[p. 489] Many will find this little jeu d'esprit as pleasant reading as anything in Plutarch. In part, this may be due to its (perhaps accidental) brevity ; but its originality and freshness are undeniable. These qualities have, to be sure, puzzled a number of scholars who are still disputing whether the sources are principally Epicurean or Peripatetic or Cynic. Nothing quite like it is known elsewhere,1 which sad lack baffles the Quellenforscher. So, rather than allow a touch of spontaneous imagination to Plutarch, it has been confidently asserted that the dialogue must come from the school of Menippus, or be an attempt to turn the tables on Polystratus, and so on.

Everything must have a source (if only the author's ingenuity) and the source here, so far as it can be predicated with any certainty, is the tenth book of the Odyssey seen through the humorous eyes of a young Boeotian.2 We have here, then, a Boeotian [p. 490] pig instructing the favourite of Athena.3 It was once fashionable to assert, or imply, that since Plutarch was once a young Boeotian himself, matters could not be so simple, nor could he be the author. But the climate of scholarship is, perhaps, changing. There are few of Plutarch's admirers who will not claim this lively work for one of his more admirable achievements, written, perhaps, when he was quite young.

Even if the authorship is accepted without hesitation, there is little else that is certain except that the Stoics are constantly under attack, though rather less directly than in the preceding dialogue. There is grave doubt about the title : is it no. 127 or no. 135 in the Lamprias Catalogue ? Or, as it has become popular to call it, is it really the Gryllus?4 There are a number of troublesome lacunae ; the work, as it stands, ends suddenly with a gay witticism instead of being continued to a more conventional termination.5 It is only too likely that the more mature Plutarch would have gone on and on ; but what would the clever young man who concocted this conceit have done?6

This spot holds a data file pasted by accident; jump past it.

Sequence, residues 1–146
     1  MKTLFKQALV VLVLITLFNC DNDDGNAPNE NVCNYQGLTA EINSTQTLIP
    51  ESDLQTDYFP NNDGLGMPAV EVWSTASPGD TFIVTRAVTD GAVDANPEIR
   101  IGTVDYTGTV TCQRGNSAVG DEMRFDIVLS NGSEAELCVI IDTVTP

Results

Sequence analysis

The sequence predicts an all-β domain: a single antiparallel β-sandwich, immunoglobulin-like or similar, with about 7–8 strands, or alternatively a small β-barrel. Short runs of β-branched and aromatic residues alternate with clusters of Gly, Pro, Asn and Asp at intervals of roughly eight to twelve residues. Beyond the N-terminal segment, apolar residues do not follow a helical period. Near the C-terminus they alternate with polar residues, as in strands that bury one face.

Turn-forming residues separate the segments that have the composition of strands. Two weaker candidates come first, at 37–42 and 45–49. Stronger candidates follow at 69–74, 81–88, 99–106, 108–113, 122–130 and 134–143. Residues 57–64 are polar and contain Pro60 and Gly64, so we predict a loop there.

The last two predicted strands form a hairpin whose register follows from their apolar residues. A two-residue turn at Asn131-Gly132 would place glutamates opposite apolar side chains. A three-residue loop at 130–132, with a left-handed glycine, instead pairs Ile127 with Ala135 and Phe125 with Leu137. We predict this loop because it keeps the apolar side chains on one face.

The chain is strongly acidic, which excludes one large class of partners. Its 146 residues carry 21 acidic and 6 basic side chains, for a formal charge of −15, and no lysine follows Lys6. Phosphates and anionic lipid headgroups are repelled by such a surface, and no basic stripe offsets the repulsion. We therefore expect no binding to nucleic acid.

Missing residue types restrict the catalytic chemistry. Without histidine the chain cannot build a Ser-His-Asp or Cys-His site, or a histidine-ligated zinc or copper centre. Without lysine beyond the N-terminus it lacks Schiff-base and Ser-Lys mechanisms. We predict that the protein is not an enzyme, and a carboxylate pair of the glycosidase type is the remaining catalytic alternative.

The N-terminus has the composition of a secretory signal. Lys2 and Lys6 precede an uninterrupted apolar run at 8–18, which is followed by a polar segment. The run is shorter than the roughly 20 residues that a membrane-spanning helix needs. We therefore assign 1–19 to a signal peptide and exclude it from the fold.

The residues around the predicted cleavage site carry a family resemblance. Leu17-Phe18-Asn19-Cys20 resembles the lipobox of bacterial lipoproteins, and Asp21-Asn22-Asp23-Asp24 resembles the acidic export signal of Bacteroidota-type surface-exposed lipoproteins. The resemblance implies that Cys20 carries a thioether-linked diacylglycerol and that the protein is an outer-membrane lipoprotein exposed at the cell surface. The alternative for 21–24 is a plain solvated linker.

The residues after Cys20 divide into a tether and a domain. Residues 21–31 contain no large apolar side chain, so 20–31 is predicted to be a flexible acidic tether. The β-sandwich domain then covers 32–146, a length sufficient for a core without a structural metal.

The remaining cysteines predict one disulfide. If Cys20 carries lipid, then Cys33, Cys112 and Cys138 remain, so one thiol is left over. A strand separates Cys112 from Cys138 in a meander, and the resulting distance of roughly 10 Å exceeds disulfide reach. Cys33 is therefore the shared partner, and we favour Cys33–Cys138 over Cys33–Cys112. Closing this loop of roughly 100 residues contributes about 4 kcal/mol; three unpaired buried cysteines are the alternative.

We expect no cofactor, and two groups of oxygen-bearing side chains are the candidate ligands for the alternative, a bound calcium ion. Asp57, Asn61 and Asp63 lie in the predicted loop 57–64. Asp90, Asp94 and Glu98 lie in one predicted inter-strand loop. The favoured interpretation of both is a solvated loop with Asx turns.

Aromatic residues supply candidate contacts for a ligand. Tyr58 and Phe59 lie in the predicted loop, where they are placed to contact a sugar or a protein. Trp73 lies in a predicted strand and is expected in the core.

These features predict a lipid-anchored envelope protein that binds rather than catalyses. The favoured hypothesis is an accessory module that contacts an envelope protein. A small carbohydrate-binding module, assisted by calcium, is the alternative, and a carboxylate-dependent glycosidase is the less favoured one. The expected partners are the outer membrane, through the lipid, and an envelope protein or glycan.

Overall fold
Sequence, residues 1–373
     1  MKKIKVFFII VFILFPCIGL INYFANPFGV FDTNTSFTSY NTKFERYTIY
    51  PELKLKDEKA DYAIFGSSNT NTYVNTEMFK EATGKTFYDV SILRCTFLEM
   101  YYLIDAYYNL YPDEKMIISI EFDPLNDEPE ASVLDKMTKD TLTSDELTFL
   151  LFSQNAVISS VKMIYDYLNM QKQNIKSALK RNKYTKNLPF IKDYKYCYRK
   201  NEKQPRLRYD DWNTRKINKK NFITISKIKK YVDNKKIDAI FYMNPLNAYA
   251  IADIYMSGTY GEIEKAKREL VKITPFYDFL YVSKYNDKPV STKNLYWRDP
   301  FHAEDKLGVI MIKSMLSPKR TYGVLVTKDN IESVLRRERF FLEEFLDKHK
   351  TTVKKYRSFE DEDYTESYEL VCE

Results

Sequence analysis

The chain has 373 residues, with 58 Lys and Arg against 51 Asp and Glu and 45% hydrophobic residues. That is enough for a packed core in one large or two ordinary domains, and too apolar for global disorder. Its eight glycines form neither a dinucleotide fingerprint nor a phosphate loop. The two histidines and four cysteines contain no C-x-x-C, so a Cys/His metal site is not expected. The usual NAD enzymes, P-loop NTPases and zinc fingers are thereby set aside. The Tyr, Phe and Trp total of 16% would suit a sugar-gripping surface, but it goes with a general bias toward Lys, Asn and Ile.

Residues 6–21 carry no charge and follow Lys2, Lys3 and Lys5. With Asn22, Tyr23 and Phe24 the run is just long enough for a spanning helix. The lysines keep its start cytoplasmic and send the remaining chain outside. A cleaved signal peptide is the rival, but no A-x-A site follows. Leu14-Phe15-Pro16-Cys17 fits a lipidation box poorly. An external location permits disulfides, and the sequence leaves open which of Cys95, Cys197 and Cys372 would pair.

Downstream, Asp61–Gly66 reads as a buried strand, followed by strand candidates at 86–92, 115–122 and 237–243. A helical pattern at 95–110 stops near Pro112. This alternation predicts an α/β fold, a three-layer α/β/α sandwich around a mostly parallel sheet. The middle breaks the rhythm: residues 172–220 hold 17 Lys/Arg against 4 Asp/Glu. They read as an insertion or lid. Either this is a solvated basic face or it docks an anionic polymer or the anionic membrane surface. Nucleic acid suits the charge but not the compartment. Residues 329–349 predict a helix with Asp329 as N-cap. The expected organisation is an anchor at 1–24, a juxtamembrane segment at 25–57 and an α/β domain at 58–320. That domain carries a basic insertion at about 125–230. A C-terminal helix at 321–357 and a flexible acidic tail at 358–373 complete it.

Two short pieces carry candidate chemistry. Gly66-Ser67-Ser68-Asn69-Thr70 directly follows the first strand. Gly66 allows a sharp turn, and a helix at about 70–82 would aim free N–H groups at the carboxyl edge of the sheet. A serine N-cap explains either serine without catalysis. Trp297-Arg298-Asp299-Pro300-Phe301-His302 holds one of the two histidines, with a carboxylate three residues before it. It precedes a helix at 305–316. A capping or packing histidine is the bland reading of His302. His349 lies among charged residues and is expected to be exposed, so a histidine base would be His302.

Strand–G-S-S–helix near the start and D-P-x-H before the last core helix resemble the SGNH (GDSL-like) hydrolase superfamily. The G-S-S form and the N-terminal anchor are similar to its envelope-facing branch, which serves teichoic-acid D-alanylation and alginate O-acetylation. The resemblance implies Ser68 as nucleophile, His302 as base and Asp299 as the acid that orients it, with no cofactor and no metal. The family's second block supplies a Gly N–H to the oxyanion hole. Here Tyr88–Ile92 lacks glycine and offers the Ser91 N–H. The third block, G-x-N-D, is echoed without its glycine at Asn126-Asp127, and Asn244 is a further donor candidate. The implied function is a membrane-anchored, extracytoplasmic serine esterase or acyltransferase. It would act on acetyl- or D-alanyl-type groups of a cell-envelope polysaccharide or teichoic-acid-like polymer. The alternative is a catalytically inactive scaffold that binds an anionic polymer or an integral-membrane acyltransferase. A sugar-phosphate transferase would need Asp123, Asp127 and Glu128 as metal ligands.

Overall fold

For once, there is a good translation, or paraphrase, the German one of Bruno Snell in his Plutarch [p. 491] (Zürich, 1948), though this version gives almost too exciting an impression of vivacity and wit by omitting the more tiresome sections.

Those interested in Gryllus' remarks on the indecent ways in which men pervert animals to their taste will find a sympathetic exposition in E. G. Boulenger's Animal Mysteries (London, 1927).

1 But talking animals were not new (Hirzel, Der Dialog, i, p. 338 f.).

2 So the sensible Hirzel (op. cit. ii, p. 131); see also Hartman, De Plutarcho, p. 576. Stylometry, however, does not encourage the view that this is an early work (Sandbach, Class. Quart. xxxiii, p. 196).

3 Plutarch actually quotes the proverb in his Life of Demosthenes, xi. 5 (851 b) and Mor. 803 d, but does not seem to realize its possible application here. See the note on 995 f infra.

4 Ziegler (RE, s.v. ‘Plutarchos,’ 743) says that Gryllus is impossible in spite of the Platonic examples, but appears to admit Ammonius (no. 84 in the Lamprias Catalogue).

5 See the last note on 992 e infra.

6 Curiously enough, Xenophon is the most famous son of the historical Gryllus and he is said to have been once a prisoner in Boeotia (Philostratus, Vit. Soph. 12).

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